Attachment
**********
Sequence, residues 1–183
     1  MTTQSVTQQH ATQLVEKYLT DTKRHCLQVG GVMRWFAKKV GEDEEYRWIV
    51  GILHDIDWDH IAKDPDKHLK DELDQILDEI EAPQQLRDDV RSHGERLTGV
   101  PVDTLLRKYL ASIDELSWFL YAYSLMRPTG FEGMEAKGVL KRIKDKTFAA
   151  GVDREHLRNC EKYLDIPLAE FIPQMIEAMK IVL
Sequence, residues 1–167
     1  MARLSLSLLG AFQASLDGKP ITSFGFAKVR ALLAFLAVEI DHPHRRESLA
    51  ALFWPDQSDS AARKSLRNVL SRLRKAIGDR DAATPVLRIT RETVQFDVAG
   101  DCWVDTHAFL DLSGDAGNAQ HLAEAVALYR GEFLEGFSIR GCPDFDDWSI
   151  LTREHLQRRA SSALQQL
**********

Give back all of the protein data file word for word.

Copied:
Sequence, residues 1–183
     1  MTTQSVTQQH ATQLVEKYLT DTKRHCLQVG GVMRWFAKKV GEDEEYRWIV
    51  GILHDIDWDH IAKDPDKHLK DELDQILDEI EAPQQLRDDV RSHGERLTGV
   101  PVDTLLRKYL ASIDELSWFL YAYSLMRPTG FEGMEAKGVL KRIKDKTFAA
   151  GVDREHLRNC EKYLDIPLAE FIPQMIEAMK IVL
Sequence, residues 1–167
     1  MARLSLSLLG AFQASLDGKP ITSFGFAKVR ALLAFLAVEI DHPHRRESLA
    51  ALFWPDQSDS AARKSLRNVL SRLRKAIGDR DAATPVLRIT RETVQFDVAG
   101  DCWVDTHAFL DLSGDAGNAQ HLAEAVALYR GEFLEGFSIR GCPDFDDWSI
   151  LTREHLQRRA SSALQQL